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By Staff | Mar 31, 2017

Weather is starting to have more of an impact on today’s commodity market. This is not just from a production point of view, but from a general change in attitude. As we approach the spring planting season many farmers simply lose interest in marketing and focus more on production.

This can also change what fundamentals influence the market, with supply and demand becoming less of a factor in daily price discovery.

This is also a time of the marketing year when we see an addition of risk premium to commodity futures. Risk premium is buying in the futures market, and done as a risk management move in case adverse weather does develop. One factor that is limiting the amount of risk premium and buying interest we are seeing this year is the ample supply of both corn and soybeans in the global market. Another is that futures are already holding a premium to previous years, especially soybeans, which are trading at $1.25 per bushel premium to last year.

El Nino cometh?

There is more talk of an El Nino system developing this year, and what impact it could have on world production. In the United States, an El Nino tends to favor corn production.

According to research from the firm F.C. Stone, corn yields in El Nino years are above-trend 72 percent of the time. This deviation from trend ranges from 2 percent to 7 percent. One big factor on how the event affects corn production is how fast the system builds.

Even though just updated, trade continues to question U.S. soybean export forecasts. Weekly sales have started to decrease in volume and are now trailing the pace seen a year ago.

What is a greater concern is that soybean loadings are not at a pace that will meet yearly projections, which indicates demand is front-loaded.

Analysts are quick to claim that soybean demand will increase later in the marketing year once South American sales trail off.

Slowing soybean demand?

Trade is also starting to question what we will see for a crush number on soybeans in the next set of supply and demand figures from the USDA. In the last report USDA increased its yearly crush estimate by 10 million bushels.

Since then, crush plants have been reporting poor margins and reports have indicated crush is down across the United States. Trade had been hoping soybean crush would rise to compensate for a slower export pace.

There is data that suggests demand for soybeans and soy products is slowing in the world market on a whole. One reason for this is the increased use of wheat as a feed grain. Wheat has a higher protein content than other feed grains, so less supplementing with soybean meal is needed.

Another factor is the elevated use of distiller’s dried grains as ethanol production ramps up around the world. Some studies point towards a 12 million metric ton decrease in soybean demand from last year as a result of these changes.

While fundamentals are less than favorable for the soy complex right now, this could change in a rather short amount of time. Soybean demand continues to grow and is consuming most of the elevated world production we are seeing. In fact, just a trend yield on soybeans next year could cause a contraction in the global supply.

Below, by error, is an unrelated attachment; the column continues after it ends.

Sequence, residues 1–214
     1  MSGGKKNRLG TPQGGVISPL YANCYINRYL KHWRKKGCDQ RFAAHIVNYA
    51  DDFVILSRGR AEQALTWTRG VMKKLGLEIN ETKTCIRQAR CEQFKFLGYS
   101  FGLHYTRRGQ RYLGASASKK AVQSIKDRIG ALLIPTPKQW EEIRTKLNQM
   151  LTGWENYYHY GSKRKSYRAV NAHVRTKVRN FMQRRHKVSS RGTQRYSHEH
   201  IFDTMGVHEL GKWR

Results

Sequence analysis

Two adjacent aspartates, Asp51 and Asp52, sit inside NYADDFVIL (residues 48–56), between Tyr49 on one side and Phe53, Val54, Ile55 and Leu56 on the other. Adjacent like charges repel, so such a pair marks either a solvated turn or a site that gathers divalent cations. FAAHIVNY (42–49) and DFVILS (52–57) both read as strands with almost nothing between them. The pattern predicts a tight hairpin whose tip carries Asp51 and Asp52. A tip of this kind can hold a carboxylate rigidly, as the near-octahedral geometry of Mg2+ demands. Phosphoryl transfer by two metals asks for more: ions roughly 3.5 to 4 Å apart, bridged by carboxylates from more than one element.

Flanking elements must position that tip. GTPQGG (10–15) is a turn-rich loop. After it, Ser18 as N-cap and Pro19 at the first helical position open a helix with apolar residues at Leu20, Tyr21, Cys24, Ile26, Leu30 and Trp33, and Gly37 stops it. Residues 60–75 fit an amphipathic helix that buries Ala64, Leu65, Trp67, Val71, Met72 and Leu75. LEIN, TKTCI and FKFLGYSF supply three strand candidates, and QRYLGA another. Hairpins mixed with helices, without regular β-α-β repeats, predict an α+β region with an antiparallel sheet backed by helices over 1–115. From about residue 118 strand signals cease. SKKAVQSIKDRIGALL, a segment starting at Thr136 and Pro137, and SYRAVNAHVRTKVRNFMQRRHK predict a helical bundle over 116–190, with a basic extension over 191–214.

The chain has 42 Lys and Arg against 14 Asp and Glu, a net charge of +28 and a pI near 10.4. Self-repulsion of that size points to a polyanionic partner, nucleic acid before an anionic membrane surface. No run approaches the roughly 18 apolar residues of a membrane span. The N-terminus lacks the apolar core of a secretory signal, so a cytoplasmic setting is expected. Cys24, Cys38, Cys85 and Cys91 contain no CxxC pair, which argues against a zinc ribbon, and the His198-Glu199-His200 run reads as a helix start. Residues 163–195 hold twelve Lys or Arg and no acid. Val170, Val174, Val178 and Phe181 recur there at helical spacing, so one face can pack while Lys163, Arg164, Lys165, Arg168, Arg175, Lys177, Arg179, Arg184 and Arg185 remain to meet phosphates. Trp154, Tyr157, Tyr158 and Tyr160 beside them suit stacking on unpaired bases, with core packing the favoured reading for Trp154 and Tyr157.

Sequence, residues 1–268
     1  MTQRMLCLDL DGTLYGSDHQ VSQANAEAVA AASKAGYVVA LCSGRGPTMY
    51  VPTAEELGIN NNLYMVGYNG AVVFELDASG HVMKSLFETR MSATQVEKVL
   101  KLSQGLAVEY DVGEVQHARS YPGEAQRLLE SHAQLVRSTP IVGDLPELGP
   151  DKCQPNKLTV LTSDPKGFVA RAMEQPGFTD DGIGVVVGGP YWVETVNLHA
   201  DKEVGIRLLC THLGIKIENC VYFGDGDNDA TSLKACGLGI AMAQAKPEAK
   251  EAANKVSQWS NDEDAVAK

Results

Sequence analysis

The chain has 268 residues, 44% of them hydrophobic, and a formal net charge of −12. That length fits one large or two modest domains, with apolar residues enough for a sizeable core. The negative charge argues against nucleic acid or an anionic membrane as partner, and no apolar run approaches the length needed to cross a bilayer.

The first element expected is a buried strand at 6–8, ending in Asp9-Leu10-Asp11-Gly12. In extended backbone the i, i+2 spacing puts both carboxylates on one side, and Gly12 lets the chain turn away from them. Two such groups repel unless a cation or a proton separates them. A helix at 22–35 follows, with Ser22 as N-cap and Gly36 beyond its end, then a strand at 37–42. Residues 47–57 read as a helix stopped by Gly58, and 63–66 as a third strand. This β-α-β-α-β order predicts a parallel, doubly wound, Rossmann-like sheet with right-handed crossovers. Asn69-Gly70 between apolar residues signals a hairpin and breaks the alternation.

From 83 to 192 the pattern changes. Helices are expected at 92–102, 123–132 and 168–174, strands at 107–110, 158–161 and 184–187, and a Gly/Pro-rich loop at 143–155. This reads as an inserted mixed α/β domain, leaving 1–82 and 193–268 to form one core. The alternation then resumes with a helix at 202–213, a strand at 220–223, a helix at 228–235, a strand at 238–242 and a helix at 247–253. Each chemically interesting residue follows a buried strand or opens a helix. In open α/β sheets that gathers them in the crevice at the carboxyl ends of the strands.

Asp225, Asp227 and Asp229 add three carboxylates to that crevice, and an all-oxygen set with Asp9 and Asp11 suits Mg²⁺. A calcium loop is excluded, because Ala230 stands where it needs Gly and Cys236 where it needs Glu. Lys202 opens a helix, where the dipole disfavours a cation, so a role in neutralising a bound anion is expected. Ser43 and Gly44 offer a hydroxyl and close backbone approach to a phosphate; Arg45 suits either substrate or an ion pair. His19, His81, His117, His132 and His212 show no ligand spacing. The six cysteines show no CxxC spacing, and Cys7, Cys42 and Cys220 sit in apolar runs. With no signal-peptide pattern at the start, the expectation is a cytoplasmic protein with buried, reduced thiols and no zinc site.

Anything less and we could easily see rationing develop, especially if consumption continues to increase at its current rate.

Mexico trade

U.S./Mexico trade relations are again a main topic in the market. Mexican officials have announced they are in talks with Argentina on corn trade, even though U.S. corn is being offered at a 50 cent per bushel discount to Mexican buyers. The decision by Mexico to look at Argentine corn is wholly political, and in response to proposed U.S. trade regulations.

There is a proposal in Brazil to reinstate the country’s 20 percent ethanol import tax. This was enacted when sugar production dropped to a point where ethanol imports were needed to satisfy demand.

Now that sugar production has rebounded, Brazilian sugar producers have requested the tariff be placed back on imports. This is concerning for the U.S. ethanol industry, as exports to Brazil have been the leading source of profitability for manufacturers.

Another country that is having a significant impact on the world ethanol market is China. China has increased the use of its domestic corn in ethanol manufacturing, virtually removing them from the import market.

Chinese officials hope to double domestic ethanol manufacturing in the next few years to help chip away at domestic corn reserves. It is not out of the question that this could eventually lead to ethanol exports as well.

Karl Setzer is a commodity trading advisor/market analyst based in the West Bend office of MaxYield Cooperative. He can be reached at (800) 383-0003.

The opinions and views in this commentary are solely those of Karl Setzer. Data used for this commentary obtained from various sources believed to be accurate. This commentary is intended for informational purposes only and is not intended for developing specific commodity trading strategies. Any and all risk involved with commodity trading should be determined before establishing a futures position.

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